Social media can sometimes feel like the “wild wild west,” and cruel comments and reckless posts are simply part of the everyday scrolls.
However, in some cases, courts classify social media posts and comments as “Defamation.”
What should you do if you’ve become a victim of social media defamation?
Fox 5‘s Jeannette Reyes sat down with attorney Deborah Blum to get the law-binding scoop.
What is Defamation?
According to Blum, “Defamation, in general, is a false statement damaging to someone else’s reputation. It has to be false — and getting to false — determining that it’s false — that’s a whole lawsuit generally.”
How do you protect yourself?
Blum encourages people to take photos.
“Right now, people can publish anything, say anything – and there’s not enough recourse,” Blum explained. “If somebody makes a defamatory statement against you online, you absolutely need to take a picture of it.”
What makes a Defamation case tricky?
“With social media, people can delete things,” Blum explained.
“So if somebody posts something about you that’s not true or harmful to your representation then, you immediately need to capture it, because they could delete it very easily,” Blum tells Fox 5.
“You could report it to Facebook, Instagram, but that process takes a long time. You could go the route of hiring an attorney who could send a cease-and-desist letter to the individual that posted it,” she advised.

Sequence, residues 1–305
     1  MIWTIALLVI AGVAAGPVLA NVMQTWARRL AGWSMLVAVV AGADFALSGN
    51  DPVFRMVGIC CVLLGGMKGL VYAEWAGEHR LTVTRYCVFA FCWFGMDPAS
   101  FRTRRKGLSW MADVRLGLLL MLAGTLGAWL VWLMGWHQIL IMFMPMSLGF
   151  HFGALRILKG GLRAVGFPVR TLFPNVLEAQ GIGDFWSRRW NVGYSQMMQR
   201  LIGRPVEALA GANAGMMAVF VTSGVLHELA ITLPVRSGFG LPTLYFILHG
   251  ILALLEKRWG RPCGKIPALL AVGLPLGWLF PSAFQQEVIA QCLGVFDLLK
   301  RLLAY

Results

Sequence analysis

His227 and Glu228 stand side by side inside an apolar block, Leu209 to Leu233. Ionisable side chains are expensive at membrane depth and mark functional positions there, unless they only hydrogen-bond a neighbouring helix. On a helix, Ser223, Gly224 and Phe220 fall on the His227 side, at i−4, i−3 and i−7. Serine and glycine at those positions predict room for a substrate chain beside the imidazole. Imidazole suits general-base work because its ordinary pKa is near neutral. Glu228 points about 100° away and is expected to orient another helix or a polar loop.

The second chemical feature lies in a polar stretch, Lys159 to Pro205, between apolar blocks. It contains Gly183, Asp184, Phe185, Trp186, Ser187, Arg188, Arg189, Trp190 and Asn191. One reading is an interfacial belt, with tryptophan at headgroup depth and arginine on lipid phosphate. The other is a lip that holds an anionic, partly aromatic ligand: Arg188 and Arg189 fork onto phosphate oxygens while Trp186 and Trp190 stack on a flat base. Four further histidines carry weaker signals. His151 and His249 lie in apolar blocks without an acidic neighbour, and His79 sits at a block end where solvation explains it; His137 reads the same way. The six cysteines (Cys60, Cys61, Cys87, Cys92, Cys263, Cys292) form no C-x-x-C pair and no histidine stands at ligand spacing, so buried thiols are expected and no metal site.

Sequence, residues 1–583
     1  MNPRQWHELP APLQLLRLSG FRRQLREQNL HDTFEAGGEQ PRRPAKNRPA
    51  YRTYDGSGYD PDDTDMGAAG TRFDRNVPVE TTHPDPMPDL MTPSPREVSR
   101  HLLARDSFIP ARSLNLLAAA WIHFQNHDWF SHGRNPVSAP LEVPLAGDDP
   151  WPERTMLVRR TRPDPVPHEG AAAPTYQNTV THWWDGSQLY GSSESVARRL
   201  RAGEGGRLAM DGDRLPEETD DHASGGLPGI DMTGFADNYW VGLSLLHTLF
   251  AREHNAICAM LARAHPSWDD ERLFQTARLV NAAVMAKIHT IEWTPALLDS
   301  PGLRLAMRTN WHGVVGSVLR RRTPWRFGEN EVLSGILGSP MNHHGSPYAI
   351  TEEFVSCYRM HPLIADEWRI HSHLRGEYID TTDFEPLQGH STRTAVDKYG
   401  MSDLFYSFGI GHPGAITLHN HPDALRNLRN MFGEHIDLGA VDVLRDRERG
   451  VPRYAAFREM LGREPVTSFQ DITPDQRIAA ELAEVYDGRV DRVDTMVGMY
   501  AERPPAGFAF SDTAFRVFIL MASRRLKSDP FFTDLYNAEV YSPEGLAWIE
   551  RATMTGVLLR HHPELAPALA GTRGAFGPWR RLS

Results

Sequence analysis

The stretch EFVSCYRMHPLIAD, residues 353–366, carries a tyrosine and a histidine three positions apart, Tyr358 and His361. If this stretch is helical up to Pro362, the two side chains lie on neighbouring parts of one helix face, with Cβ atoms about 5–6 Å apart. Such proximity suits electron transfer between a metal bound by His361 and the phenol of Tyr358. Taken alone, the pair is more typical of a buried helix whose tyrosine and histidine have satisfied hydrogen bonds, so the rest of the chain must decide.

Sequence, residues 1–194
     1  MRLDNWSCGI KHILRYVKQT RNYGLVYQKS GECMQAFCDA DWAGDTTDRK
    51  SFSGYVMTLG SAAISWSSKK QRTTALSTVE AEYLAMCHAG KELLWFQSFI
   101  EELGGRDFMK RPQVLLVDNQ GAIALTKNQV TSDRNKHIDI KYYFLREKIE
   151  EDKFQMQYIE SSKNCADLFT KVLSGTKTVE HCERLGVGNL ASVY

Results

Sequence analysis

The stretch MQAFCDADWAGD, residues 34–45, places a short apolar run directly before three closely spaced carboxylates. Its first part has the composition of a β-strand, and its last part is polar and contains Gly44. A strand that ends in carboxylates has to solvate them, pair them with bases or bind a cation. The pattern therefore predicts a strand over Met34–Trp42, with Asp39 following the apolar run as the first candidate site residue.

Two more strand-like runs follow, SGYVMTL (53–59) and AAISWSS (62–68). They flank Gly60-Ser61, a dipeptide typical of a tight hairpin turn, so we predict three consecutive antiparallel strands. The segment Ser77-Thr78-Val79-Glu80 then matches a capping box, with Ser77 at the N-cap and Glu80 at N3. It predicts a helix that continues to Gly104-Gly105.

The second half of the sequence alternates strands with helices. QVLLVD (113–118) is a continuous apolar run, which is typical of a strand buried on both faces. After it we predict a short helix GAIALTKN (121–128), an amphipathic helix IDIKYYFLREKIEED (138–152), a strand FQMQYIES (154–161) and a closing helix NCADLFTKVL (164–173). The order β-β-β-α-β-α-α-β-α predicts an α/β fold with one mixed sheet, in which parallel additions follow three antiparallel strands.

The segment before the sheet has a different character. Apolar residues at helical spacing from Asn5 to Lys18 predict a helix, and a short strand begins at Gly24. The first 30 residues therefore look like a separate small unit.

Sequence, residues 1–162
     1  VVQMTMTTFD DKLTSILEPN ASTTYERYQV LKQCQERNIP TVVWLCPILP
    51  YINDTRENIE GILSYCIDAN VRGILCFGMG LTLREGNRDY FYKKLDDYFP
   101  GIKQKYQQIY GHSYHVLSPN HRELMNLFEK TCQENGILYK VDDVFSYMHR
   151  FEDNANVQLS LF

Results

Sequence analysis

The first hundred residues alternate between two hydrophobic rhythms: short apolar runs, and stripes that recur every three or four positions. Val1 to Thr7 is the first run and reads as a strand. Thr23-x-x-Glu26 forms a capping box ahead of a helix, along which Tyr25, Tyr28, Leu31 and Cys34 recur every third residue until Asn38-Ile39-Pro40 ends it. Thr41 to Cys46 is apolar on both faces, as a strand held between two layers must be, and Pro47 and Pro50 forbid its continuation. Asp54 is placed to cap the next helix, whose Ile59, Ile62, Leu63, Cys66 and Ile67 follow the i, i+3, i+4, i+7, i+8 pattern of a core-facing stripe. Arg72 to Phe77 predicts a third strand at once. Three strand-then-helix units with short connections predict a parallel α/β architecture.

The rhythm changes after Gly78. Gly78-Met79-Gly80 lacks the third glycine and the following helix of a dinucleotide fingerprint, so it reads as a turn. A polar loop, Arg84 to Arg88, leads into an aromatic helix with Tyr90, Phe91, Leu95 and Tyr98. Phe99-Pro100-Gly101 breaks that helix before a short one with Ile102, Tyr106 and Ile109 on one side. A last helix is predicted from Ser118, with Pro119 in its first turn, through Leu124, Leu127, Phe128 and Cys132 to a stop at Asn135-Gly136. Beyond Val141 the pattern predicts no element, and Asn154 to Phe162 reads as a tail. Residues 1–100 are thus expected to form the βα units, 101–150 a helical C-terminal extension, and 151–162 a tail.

“It’s just we don’t have an actual in-the-moment cure, and because we live in a time of cancel culture, something can go viral in a matter of minutes. And then literally – your whole life – everything you’ve worked toward building could go out the window.”
Do defamation cases have to prove monetary or tangible damages were caused?
“The only thing you need to prove is that it’s a false statement,” Blum told Fox 5. “You don’t need to have actual monetary damages.”
“Opinion and offensive speech are things that are protected by the First Amendment,” Blum explained, adding, “But we’re taking it to a place where we’re really encroaching upon somebody’s reputation.”
How to Protect Yourself From Being a Victim
“Really do your homework before you write or say something about someone,” Blum said.
“Document, document, document! If you’ve gotten to the point where you believe you’re a victim, document of all of this before it’s all deleted.”